■ They want access to an endless library of content anytime, anywhere, on their terms.

■ They are more likely to be cord-cutters while also subscribing to multiple services at one time.

■ This segment loves binge-watching and will go out of their way to find shows and movies they want to watch.

■ However, they would love for all of their content to be accessible in one place.


■ More than sitting back and being entertained, this segment wants to engage with content and are more likely to be gamers.

■ They consume content in abundance— especially action and comedy genres as well as foreign content—but they often share subscriptions with friends and family.

■ They look forward to the days when virtual reality (VR) will replace movies and when they can custom-design their own TV shows.

■ This segment likes posting on social media about the shows they are watching, and are the most involved in online conversations about video content as a whole.


■ This segment believes we should be reading more books and watching less TV, and are therefore picky when it comes to TV and movies.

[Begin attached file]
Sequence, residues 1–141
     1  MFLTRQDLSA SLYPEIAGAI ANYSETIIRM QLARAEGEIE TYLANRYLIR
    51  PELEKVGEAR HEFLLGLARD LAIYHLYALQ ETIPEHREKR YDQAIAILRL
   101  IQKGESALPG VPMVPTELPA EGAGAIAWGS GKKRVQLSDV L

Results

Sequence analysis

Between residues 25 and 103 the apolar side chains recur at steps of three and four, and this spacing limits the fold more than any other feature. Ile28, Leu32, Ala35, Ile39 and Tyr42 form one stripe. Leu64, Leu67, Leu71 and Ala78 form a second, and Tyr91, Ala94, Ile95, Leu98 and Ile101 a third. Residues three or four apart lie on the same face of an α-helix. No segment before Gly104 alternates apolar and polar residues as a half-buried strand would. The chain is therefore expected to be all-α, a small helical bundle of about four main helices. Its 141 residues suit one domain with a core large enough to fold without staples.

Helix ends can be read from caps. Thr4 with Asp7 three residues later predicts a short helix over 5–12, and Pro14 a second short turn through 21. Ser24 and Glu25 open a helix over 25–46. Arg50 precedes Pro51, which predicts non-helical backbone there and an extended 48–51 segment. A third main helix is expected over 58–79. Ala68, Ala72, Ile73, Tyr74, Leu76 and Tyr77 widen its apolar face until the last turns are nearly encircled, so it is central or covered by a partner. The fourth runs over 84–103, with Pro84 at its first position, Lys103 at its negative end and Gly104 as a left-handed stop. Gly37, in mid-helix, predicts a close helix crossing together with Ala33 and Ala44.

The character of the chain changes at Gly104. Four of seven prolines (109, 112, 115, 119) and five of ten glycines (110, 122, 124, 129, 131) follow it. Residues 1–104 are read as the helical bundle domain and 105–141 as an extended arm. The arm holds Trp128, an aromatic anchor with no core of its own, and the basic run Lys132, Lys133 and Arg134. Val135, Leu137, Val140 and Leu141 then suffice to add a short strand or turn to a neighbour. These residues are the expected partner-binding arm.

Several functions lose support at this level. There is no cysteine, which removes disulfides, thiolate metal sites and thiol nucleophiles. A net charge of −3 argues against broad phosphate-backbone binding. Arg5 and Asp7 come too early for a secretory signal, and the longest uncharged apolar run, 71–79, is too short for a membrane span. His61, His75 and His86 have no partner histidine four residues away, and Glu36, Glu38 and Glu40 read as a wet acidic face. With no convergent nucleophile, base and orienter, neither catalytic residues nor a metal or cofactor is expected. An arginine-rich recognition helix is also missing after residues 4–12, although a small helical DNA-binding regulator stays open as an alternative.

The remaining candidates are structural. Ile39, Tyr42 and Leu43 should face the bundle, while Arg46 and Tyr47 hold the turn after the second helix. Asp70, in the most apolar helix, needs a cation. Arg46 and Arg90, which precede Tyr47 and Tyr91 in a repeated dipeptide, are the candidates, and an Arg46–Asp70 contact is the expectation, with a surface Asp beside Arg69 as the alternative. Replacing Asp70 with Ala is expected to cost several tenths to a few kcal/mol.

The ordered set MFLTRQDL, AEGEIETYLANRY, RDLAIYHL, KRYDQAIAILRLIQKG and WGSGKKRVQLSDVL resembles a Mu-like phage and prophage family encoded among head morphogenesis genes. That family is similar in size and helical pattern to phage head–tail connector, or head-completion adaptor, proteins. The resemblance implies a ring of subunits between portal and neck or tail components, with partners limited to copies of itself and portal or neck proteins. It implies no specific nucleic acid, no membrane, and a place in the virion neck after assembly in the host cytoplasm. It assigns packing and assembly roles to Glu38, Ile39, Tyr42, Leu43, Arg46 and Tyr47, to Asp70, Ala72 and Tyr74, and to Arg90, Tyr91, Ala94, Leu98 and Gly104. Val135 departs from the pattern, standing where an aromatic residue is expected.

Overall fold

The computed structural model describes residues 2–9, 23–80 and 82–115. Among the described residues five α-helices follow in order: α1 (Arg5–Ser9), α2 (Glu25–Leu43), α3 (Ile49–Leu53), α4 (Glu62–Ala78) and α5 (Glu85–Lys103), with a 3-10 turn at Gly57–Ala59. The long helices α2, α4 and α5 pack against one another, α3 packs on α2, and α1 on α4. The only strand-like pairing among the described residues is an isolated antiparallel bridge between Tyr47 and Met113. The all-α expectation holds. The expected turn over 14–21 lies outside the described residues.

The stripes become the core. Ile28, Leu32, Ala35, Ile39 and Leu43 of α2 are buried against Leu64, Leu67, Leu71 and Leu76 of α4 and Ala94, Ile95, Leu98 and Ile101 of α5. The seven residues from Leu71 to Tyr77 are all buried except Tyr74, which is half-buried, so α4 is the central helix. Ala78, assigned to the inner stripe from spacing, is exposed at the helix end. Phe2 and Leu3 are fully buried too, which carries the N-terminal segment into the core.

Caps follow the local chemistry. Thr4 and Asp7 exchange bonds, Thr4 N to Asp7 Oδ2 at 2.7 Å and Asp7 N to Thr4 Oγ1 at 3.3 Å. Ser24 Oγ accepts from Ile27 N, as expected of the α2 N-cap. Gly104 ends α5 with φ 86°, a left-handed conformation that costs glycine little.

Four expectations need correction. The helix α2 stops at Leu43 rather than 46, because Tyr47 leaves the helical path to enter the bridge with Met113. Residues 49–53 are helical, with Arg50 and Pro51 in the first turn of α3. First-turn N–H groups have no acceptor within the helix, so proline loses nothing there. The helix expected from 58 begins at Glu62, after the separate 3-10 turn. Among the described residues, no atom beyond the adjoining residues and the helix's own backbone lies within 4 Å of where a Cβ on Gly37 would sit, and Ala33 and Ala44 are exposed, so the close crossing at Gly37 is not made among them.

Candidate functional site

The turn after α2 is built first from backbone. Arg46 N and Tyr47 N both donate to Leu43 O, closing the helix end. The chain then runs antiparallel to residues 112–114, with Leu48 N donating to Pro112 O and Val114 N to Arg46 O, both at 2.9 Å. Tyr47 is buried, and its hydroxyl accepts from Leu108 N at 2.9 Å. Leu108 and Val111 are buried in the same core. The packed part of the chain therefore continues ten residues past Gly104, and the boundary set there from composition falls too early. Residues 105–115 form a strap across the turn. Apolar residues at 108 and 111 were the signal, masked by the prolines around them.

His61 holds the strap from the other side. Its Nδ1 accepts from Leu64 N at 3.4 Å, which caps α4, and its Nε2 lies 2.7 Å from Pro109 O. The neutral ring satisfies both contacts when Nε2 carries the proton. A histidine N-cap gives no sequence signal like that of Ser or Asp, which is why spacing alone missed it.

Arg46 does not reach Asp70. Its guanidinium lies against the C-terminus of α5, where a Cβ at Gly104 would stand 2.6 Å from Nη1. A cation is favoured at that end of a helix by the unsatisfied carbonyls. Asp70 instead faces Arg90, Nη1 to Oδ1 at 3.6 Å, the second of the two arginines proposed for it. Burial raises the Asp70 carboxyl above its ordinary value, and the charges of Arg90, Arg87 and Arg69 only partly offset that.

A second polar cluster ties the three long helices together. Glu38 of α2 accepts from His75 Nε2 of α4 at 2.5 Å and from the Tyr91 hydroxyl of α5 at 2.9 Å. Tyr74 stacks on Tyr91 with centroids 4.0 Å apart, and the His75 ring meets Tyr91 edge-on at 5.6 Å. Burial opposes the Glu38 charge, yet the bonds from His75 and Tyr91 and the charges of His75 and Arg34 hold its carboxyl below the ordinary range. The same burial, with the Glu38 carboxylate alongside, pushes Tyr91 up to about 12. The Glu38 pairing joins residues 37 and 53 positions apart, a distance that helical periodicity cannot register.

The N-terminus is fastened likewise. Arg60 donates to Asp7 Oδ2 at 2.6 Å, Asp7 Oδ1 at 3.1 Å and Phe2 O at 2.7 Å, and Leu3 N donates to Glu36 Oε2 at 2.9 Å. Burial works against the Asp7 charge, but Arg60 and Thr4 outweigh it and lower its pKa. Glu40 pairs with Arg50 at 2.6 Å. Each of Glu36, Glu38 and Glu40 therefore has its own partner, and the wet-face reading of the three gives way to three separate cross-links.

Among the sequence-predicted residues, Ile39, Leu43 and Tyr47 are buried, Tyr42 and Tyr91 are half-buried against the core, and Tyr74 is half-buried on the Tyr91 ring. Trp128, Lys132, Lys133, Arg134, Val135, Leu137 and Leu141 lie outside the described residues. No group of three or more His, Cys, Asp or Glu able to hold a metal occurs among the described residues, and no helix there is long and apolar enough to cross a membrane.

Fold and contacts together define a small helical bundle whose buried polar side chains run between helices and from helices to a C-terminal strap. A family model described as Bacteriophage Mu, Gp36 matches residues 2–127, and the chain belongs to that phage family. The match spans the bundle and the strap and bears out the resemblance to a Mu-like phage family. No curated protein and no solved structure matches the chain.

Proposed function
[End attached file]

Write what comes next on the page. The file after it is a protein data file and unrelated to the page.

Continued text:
■ They want to see more educational and diverse content, as well as have greater online security.

■ They are savvy about how they obtain and consume content: they’re the most likely to be cord-trimmers, paying less for content today than they did last year.

■ This group sees themselves as experts when it comes to finding content for free online.


■ These consumers are the “bread and butter” for pay-TV providers today and spend among the most on video content.

■ They prioritize predictability, ease and comfort of watching: they like having TV on in the background and watching live programming.

■ They are also the least likely to access video content online.

■ We expect this segment will diminish over time as accessing content online and on apps becomes even more commonplace.

The opportunity: thriving in the new video order

Understanding viewer preferences is essential to remaining relevant in the increasingly crowded video space. Based on the survey, focus group and expert panel, consider the following recommendations:

■ Know your audience and target intentionally. As our research illustrates, cord-cutting isn’t the trajectory for every consumer. In fact, demographics and income alone no longer accurately predict video consumption and purchasing behavior: lifestyle and entertainment preferences do.

Maximizing content and user experience in keeping with your target segments is essential. For example, we see improvement in the satisfaction of current pay-TV subscribers, despite continued cord-cutting. This indicates that if pay-TV were more intentional about understanding and, in turn, serving their specific target audiences, it could pay off.